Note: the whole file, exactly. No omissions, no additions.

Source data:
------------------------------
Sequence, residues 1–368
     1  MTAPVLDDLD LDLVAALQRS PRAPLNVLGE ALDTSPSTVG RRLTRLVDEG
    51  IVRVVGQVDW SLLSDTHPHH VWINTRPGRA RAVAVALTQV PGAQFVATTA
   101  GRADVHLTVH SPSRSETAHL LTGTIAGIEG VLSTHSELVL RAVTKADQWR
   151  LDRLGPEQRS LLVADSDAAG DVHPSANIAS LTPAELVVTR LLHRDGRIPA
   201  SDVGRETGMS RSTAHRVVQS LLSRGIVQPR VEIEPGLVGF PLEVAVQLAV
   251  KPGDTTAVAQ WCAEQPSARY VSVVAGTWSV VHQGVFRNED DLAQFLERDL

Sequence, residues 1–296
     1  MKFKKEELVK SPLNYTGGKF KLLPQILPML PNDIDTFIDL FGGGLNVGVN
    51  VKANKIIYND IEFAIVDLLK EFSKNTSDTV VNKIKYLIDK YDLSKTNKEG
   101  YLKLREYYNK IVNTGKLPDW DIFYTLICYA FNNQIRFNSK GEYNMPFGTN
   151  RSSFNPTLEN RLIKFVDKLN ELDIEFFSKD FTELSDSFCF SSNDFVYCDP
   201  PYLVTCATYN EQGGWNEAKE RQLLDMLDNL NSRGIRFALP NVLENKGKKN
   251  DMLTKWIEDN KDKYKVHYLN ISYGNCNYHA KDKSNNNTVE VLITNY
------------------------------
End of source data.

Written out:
Sequence, residues 1–368
     1  MTAPVLDDLD LDLVAALQRS PRAPLNVLGE ALDTSPSTVG RRLTRLVDEG
    51  IVRVVGQVDW SLLSDTHPHH VWINTRPGRA RAVAVALTQV PGAQFVATTA
   101  GRADVHLTVH SPSRSETAHL LTGTIAGIEG VLSTHSELVL RAVTKADQWR
   151  LDRLGPEQRS LLVADSDAAG DVHPSANIAS LTPAELVVTR LLHRDGRIPA
   201  SDVGRETGMS RSTAHRVVQS LLSRGIVQPR VEIEPGLVGF PLEVAVQLAV
   251  KPGDTTAVAQ WCAEQPSARY VSVVAGTWSV VHQGVFRNED DLAQFLERDL

Sequence, residues 1–296
     1  MKFKKEELVK SPLNYTGGKF KLLPQILPML PNDIDTFIDL FGGGLNVGVN
    51  VKANKIIYND IEFAIVDLLK EFSKNTSDTV VNKIKYLIDK YDLSKTNKEG
   101  YLKLREYYNK IVNTGKLPDW DIFYTLICYA FNNQIRFNSK GEYNMPFGTN
   151  RSSFNPTLEN RLIKFVDKLN ELDIEFFSKD FTELSDSFCF SSNDFVYCDP
   201  PYLVTCATYN EQGGWNEAKE RQLLDMLDNL NSRGIRFALP NVLENKGKKN
   251  DMLTKWIEDN KDKYKVHYLN ISYGNCNYHA KDKSNNNTVE VLITNY